It is nothing like it was when I was a kid back in the ’80s – when even higher-end cars often came with lousy stereos and the first order of business was to visit a car stereo store (remember those?) and get it replaced with an aftermarket head unit and speakers. It is almost never necessary to buy the optional audio system today. Decent reception/sound quality and features are already part of the deal, as is. Most new economy cars’ standard-issue stereos are better than the stereos that used to be optional in luxury cars; some of them even include a USB port to pipe in tunes from an iPod – a feature that was hard to find even in very high-end cars as recently as five or so years ago. So don’t assume the upgrade/optional audio rig is a gotta have. Try the standard rig first. It might be all you need. And it won’t cost you an extra penny.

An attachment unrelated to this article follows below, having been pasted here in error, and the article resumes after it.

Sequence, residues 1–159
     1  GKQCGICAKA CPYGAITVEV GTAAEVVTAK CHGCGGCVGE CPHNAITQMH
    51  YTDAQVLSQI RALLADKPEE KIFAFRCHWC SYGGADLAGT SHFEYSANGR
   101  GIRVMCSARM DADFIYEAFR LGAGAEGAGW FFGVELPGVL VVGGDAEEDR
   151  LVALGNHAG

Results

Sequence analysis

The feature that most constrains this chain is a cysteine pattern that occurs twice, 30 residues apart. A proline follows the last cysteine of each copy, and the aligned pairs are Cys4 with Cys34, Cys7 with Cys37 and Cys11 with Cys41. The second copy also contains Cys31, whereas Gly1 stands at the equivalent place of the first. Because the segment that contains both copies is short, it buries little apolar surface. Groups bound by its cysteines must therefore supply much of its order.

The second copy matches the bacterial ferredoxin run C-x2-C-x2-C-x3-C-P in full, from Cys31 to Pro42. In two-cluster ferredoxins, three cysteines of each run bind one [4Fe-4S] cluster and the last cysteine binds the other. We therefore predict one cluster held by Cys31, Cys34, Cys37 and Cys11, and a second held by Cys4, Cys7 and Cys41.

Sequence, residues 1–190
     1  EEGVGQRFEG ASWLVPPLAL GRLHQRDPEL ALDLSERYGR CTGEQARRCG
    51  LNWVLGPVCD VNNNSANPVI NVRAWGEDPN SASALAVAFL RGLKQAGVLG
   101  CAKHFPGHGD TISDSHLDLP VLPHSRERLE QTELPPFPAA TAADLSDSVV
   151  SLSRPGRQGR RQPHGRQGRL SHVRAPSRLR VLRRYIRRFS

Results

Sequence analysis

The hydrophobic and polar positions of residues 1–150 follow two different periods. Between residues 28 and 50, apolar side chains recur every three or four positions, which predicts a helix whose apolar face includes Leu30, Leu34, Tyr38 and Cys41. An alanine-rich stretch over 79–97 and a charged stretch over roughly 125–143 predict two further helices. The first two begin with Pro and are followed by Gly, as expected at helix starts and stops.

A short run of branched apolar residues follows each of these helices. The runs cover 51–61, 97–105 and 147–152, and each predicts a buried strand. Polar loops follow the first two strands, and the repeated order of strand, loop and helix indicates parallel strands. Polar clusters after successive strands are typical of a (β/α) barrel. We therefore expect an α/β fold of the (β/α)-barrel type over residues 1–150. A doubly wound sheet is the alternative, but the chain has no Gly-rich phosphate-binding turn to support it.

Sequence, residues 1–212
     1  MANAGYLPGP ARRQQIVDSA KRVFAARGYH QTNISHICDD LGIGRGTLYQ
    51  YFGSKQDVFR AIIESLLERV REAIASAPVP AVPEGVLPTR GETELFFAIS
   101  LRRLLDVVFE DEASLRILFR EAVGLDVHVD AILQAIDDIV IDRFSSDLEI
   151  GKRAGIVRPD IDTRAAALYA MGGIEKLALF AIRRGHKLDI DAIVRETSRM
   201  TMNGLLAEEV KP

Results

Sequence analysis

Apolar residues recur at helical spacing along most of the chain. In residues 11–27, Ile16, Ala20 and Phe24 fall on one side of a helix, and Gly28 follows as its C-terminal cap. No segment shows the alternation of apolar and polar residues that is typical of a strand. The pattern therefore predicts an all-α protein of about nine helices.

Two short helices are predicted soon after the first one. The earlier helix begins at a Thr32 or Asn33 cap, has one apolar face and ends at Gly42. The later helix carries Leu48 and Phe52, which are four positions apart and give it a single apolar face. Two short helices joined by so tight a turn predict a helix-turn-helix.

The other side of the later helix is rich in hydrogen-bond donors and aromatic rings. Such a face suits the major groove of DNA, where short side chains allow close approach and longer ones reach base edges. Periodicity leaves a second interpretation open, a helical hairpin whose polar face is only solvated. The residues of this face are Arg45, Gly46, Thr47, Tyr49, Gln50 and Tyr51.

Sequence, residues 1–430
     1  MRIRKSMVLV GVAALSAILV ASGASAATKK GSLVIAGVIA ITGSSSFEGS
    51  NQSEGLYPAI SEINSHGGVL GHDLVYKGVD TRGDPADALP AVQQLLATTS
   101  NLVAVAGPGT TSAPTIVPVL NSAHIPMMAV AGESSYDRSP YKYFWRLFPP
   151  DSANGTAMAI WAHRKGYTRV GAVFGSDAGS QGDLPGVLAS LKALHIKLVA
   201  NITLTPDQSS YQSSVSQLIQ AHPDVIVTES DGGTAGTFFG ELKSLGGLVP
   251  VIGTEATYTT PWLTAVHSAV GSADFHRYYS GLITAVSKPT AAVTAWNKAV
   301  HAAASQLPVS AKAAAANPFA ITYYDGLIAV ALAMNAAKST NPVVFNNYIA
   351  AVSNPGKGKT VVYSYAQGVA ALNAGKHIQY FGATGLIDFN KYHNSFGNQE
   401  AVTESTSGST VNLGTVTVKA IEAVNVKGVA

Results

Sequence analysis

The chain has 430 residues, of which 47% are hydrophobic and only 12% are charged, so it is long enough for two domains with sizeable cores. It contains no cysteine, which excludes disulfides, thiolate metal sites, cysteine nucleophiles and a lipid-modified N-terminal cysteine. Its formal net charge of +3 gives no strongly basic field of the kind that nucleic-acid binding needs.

* Factory GPS –
It’s nice to know where you’re headed – and how to get there. Paper maps used to be the means by which people traced their routes. In-car GPS systems have largely replaced paper maps, for all the obvious reasons. But factory GPS can be orders of magnitude more expensive than a paper map. More to the point, factory GPS can be – usually is – a lot more expensive than an aftermarket GPS unit.
There are other considerations, too.
A factory GPS system is physically part of the car. It cannot be taken out of the car – or used in another car.
Aftermarket systems can be used in multiple cars. A two-fer (or three-fer). Most are also able to operate on battery power, which means you can use them when on foot, too.